Saturday, November 2, 2013
Blame It on the Rain
I woke up this morning listening to the rain. Before I even opened my eyes, I thought about my running clothes I'd left out on my dresser; my coffee maker's on button glowing in the kitchen; the banana I'd placed on the counter; and my running shoes, left neatly by the front door. For once, I'd taken measures to be ready to leave the house by 7 a.m. so that I could be on the trail by 7:30, an attempt to reignite my motivation. Last week, I skipped my long run altogether because I didn't feel well, and this week, I skipped my last three-mile run because, even though my voice finally returned, I've still been congested. No matter what, I'd told myself last night, I was going to get an early start this morning and complete my twelve-mile run as best I could, even if I did feel drained.
Yet my warm duvet and the rain's faint crackling outside of my bedroom windows were too seductive, so I rolled over and slept until 8. When I was finally able to push myself out of bed, last night's preparation nagged at me, so I begrudgingly changed into my clothes, sucked down two cups of coffee, and grabbed my banana and bottle of water and headed out the door. I was hopeful that the rain would stop by the time I made it to Dunedin.
It didn't. I walked around for a bit outside, trying to gauge whether or not I could brave the rain and run as planned. I decided against it, choosing instead to go to Barnes and Noble for a bagel and magazine. There's nothing wrong with tomorrow, I told myself. I knew Ryan was planning on fishing and writing for most of the day, but what could I do about the rain? If I didn't go today, I could just catch up on Homeland. I could stop by Old Navy and get some loungewear. That's what I needed. The weather would be turning cold for good soon, and I needed to be comfortable in an oversized sweatshirt. Plus, I've been sick. No one can fault me for that. Maybe I could even convince Ryan to take the girls somewhere for a few hours so that I could come home and crawl back into bed.
And that's what I did, until the rain cleared at 12:30. The temperature was cool enough that running in the afternoon wouldn't be a problem, so I had to make myself do it. I drank a third cup of coffee and kissed my blankets, which just moments before had been piled on top of me, good-bye.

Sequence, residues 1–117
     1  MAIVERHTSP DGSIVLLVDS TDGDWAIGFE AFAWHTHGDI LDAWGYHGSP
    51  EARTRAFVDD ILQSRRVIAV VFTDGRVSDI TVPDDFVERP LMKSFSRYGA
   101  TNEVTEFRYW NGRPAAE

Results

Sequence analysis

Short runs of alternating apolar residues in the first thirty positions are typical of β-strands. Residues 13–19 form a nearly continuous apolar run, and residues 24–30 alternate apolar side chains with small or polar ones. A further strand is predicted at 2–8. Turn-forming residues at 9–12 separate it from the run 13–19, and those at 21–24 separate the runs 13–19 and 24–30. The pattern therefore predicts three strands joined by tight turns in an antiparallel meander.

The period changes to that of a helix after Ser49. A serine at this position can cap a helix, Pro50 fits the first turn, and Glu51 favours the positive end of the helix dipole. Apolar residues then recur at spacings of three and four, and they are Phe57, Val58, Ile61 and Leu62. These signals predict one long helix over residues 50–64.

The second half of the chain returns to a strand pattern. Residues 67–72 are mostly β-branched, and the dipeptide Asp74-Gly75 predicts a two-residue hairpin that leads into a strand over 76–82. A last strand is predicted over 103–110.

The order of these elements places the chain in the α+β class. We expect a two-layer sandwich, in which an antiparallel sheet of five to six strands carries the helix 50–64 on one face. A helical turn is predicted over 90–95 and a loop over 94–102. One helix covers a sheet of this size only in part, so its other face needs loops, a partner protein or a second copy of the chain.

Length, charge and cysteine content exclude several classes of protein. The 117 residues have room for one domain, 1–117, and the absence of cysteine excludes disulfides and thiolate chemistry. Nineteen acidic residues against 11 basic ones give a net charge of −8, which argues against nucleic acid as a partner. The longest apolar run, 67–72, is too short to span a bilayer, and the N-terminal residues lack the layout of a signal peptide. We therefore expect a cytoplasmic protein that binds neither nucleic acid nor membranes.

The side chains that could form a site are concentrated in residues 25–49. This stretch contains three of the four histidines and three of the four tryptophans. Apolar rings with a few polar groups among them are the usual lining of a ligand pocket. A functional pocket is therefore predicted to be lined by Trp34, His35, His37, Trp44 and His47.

No one was on the trail, which made me nervous. I ran about a mile and a half alone, but when I saw a couple of other runners approaching, I was so relieved that I decided to join them. I learned that John and Caroline were married and training for the Disney marathon. They had ten miles total to cover, with four more to go before they turned around, so I knew I could stay with them for most of my run. John told me that this marathon would be his fifth, and that it was Caroline who got him into running to begin with. He said she was a runner when they met, and he only pretended to be interested in running to impress her. On their next date, she'd suggested a short run, and after a mile of struggling to keep up with her, he'd had to confess. She made him stick with it, though, and he eventually discovered that he liked it. They were headed toward downtown Clearwater. I remembered that Ryan had told me not to go too far in that direction, but I brushed the thought aside. After all, I had John and Caroline.
We went through an area with large stray dogs and boarded-up houses. Homeless people were meandering along the trail. Close to our turn-around point, there were three people huddled in a drainage ditch smoking crack. I was terrified. Who was John to protect me anyway? What could John and Caroline do if I got mugged? Plus, they were both running at a slower pace than I was, so they were far enough behind me on the trail that I might look like an easy target. I had to wait for them.
At the next stop sign, they offered me Gu Chomps energy chews, which I declined. This was no time for a snack break. They were smiling good-naturedly, and I was imagining my death. Clearly, it was time to part ways. I thanked them for allowing me to crash their couples run and took off.
Unfortunately, it was still deserted in the other direction, aside from the occasional man wearing dirty clothes and a backpack. I decided to finish my run on the Dunedin Causeway, just a short drive away. By then, the clouds parted enough that I could appreciate the pink and purple outlines drawn around them by the sun. There were plenty of runners there, along with dog-walkers and moms and dads pushing strollers. I ran my last two miles and jumped into my car, relieved, at last, to have finished.
Now, I'm back under the covers, my hair still wet from my shower, my stomach full from a meal I'm not going to admit to. Ryan's with the girls today, and I'll be with them all day tomorrow, so I might just stay in this bed until morning. I'm proud of myself for completing the run, especially considering how much I wanted to avoid it, and I'm also proud of my pace, 9:39/mile. I hope that next week's long run is not met with the same dread that this week's run was, but I won't be surprised if it is. My whole seven weeks of training have been full of highs and lows: I don't want to do the run, whether it's three miles or ten, but after unsuccessfully avoiding it, I do it, and then I am glad for it. I imagine that something is going to go wrong, like I'm going to get hit by a cyclist or happen upon an axe murderer, but then it doesn't. I wouldn't call that motivation, exactly, but if the promise of an oversized sweatshirt and a cozy bed gets me going, I guess that will have to do.